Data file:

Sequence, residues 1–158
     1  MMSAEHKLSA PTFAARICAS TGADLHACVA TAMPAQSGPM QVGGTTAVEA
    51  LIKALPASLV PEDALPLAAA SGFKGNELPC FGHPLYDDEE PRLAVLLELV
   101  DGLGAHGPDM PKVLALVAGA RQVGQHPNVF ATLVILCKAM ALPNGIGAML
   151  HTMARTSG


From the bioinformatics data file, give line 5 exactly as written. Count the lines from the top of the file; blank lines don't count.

   151  HTMARTSG